Adhia hints at tax rationalisation, simplification in Budget
February, 18th 2016
The upcoming Budget for 2016-17 would focus on tax rationalisation and simplification besides providing a level-playing field to domestic manufacturers to facilitate Make in India, hinted revenue secretary Hasmukh Adhia on Wednesday.
With a fortnight to go for finance minister Arun Jaitley to present the Budget, Adhia said the focus should be on promoting growth and employment. Read our full coverage on Union Budget 2016
"The focus of the Budget should be on tax rationalisation and simplification. …promoting growth, employment and providing some sort of level-playing field to domestic manufacturers so that the Make In India can happen," Adhia said in the finance ministry's YouTube video.
On the need for phasing out of corporate tax exemptions, which cost the exchequer about Rs 2 lakh crore annually, Adhia said the move was necessary to provide a level-playing field to domestic manufacturing companies even though completely eliminating those was not possible.
"Exemptions create inequity, between the existing unit and the new unit which is availing itself of the exemption and it also creates inequity in terms of smaller companies and bigger companies," he said.
The government is expected to cut corporate tax rate by a small percentage point in the upcoming Budget as part of its plan to reduce it to 25% from 30% in four years, as promised in the Budget for 2015-16. Towards that, the Budget will also lay down the roadmap to simultaneously phase out exemptions given to the corporate sector to reduce the tax rate, simplify administration and improve India's competitive edge globally.
"We cannot completely eliminate exemptions... If we are able to reduce the number of exemptions, then the amount we are losing in exemptions we would be in a better position to reduce taxation rates," he said.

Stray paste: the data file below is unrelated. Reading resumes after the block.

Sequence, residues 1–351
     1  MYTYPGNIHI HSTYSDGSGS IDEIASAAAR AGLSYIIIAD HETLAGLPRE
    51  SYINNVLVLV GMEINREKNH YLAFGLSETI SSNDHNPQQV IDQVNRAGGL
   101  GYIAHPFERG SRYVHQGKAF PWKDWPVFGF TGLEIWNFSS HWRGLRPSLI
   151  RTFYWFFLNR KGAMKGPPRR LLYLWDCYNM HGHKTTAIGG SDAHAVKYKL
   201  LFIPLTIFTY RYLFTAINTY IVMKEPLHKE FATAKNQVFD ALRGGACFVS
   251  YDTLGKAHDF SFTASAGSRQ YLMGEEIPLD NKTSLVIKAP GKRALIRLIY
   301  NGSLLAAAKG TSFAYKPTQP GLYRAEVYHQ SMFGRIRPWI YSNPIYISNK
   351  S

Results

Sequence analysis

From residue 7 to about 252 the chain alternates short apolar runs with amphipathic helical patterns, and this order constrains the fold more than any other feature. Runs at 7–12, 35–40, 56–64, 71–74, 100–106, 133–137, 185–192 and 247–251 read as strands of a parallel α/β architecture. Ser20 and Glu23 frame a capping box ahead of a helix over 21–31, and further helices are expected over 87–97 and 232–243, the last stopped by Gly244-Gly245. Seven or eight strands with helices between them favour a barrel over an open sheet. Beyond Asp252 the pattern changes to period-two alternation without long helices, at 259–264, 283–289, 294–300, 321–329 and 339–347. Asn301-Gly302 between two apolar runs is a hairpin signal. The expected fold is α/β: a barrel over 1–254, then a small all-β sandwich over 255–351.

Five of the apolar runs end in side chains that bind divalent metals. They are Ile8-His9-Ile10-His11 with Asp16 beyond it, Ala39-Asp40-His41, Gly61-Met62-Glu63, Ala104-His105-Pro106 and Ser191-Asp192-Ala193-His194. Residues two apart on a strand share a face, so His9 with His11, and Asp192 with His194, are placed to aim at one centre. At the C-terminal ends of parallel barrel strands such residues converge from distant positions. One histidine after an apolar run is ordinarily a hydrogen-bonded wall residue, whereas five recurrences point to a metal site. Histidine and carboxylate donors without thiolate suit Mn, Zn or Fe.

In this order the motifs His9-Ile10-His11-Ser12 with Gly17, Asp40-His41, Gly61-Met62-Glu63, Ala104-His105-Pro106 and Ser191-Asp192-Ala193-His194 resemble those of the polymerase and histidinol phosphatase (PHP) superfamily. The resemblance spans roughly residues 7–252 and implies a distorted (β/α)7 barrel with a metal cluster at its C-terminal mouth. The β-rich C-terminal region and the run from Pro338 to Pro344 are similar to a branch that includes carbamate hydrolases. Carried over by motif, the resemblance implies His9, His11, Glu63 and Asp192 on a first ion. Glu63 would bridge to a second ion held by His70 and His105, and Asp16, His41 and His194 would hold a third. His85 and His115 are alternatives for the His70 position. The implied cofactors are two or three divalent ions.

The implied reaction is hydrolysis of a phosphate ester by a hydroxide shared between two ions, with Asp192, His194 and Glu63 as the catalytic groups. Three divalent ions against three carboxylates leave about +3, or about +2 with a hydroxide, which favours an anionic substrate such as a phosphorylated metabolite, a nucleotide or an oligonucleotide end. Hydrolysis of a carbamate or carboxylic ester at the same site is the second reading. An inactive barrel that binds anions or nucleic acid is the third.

Adhia said that reducing exemptions would enable the government to reduce income tax rate and give a fair deal to taxpayers. "In direct tax, we are losing about Rs 1 lakh crore in these exemptions. The cause maybe noble, but it distorts the taxation system. In the case of indirect tax also, we are almost losing Rs 1 lakh crore because of various exemptions given for SEZ, EOU."
The tax department has already come out with a draft roadmap for phasing out tax exemptions, and the final roadmap would be unveiled in the Budget.
Adhia said removing the exemptions would also help in improving the tax-GDP ratio, which is currently around 10 percent. "There is a need to increase the tax-GDP ratio but you also have to see the capacity of people to bear that kind of taxation burden. If we simply rationalise the taxation system and remove the exemptions, I am sure the tax to GDP ratio can be enhanced substantially," he added.
In order to attract foreign investment, Adhia said there was a need to do away with multiplicity of central and state government levies and the only solution to this was the GST. The Goods and Services Tax would usher in an unified indirect tax regime, which will subsume various levies like excise, service tax, sales tax and octroi.
Adhia said the tax department was making efforts to reduce litigations. At present 340,000 litigations are pending in direct taxes and another 136,000 in indirect taxes.
"We have to rationalise our taxation laws, we have to simplify them, we have to have a predictability in tax regime, a kind of certainty. These are things, which are required when it comes to taxation, then the investors would be interested in coming to our country."
He said administratively there was readiness to implement the GST. The Budget session, which is to take up the constitutional amendment Bill, is likely to be stormy.
Adhia reiterated that the shortfall in direct taxes to the tune of Rs 40,000 crore would be made up by robust collection in indirect taxes and the total tax collection target of Rs 14.5 lakh crore for the fiscal would be met for the first time in five years.
In the current fiscal so far, direct taxes have grown 11 per cent as against a 33 per cent growth in indirect taxes, he added.
Adhia said the income tax department was trying to widen its tax base as currently 3.5 per cent of total population pays the income tax.